Measuring atmospheric properties (e.g., composition, wind speeds) of exoplanets that pass in front of their host star. While such transmission spectra require some of the largest telescopes ever built, observing the transit light curve can be done with modest telescopes, including those located here at Wesleyan.
Contact InformationAstronomy Department
96 Foss Hill Drive
Van Vleck Observatory 101
Middletown, CT 06459
(860) 685-3669 (office)
(860) 685-2131 (fax)
While I work on a diverse range of topics, the common threads are the proximity of the targets (typically within a few 100 parsecs) and the use of high resolution spectroscopy to probe the physical properties of these objects.
Characterizing the morphological and physical characteristics of the gas and dust in the vicinity of the Sun and the closest stars. The LISM dictates the structure of the heliosphere, and thereby can be used to measure the cosmic ray flux incident on solar sytem planets in the recent past, and most immediate future.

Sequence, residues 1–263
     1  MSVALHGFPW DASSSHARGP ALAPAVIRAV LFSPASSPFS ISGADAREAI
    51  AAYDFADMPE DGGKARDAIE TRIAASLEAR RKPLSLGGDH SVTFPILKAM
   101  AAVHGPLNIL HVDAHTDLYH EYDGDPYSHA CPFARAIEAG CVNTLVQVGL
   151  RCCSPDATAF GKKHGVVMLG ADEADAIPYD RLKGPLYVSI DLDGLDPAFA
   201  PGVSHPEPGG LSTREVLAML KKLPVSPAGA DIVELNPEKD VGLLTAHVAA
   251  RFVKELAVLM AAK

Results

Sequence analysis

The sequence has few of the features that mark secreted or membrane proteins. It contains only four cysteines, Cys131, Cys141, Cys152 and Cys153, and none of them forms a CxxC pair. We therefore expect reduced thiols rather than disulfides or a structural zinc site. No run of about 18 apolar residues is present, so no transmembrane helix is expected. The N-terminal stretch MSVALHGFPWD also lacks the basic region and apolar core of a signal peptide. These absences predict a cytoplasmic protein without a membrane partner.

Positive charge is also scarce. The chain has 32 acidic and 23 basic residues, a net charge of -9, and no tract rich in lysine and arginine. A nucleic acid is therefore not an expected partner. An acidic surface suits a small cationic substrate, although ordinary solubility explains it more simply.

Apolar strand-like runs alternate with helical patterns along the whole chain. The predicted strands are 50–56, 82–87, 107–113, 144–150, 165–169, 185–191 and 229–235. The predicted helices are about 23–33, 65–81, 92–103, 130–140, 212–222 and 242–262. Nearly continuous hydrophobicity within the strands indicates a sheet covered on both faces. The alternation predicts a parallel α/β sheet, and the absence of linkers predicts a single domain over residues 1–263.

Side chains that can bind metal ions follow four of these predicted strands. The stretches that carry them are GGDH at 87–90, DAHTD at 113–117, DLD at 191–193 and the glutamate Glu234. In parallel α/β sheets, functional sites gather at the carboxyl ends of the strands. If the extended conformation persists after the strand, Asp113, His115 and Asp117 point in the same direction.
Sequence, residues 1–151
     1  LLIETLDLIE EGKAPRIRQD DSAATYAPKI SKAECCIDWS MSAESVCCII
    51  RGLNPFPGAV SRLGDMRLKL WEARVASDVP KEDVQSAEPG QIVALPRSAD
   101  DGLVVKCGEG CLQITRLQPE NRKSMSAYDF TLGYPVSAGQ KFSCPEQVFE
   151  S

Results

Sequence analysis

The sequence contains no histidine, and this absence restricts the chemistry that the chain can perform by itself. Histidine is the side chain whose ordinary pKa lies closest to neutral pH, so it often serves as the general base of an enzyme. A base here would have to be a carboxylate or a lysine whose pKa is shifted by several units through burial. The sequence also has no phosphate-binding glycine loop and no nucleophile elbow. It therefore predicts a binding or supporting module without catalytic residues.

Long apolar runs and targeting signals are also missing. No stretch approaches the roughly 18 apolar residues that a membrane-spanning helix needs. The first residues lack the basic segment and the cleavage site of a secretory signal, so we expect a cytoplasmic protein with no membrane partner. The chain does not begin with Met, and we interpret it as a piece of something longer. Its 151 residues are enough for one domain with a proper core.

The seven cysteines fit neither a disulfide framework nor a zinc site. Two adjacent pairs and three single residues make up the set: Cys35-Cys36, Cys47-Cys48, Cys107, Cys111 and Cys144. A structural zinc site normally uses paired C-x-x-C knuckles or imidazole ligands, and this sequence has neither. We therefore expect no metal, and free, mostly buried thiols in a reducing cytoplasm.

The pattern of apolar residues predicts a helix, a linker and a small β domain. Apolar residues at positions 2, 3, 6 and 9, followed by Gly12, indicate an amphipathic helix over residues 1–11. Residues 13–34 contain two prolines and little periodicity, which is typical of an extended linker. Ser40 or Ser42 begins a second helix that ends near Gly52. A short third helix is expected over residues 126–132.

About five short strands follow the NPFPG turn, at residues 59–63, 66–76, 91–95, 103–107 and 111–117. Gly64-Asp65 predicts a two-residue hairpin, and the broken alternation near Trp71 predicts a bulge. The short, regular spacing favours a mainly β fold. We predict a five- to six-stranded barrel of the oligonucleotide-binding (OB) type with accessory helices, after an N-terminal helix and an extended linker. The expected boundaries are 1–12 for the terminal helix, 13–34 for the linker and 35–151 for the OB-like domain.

Investigating the conditions of adolescent stellar systems that are transitioning from a young planet-forming disk to a cleared mature system like our own. These systems are dominated by dust processed from a multitude of planetismal collisions, but some gas remains, which can be observed in absorption against the host star.
Studying the upper atmosphere of stars like our Sun, applying the "solar-stellar connection" to understand dynamical properties (e.g., magnetic fields, flares). As more and more stars are found to host exoplanets, the details of stellar activity and evolution will become important in our understanding of habitability around these stars.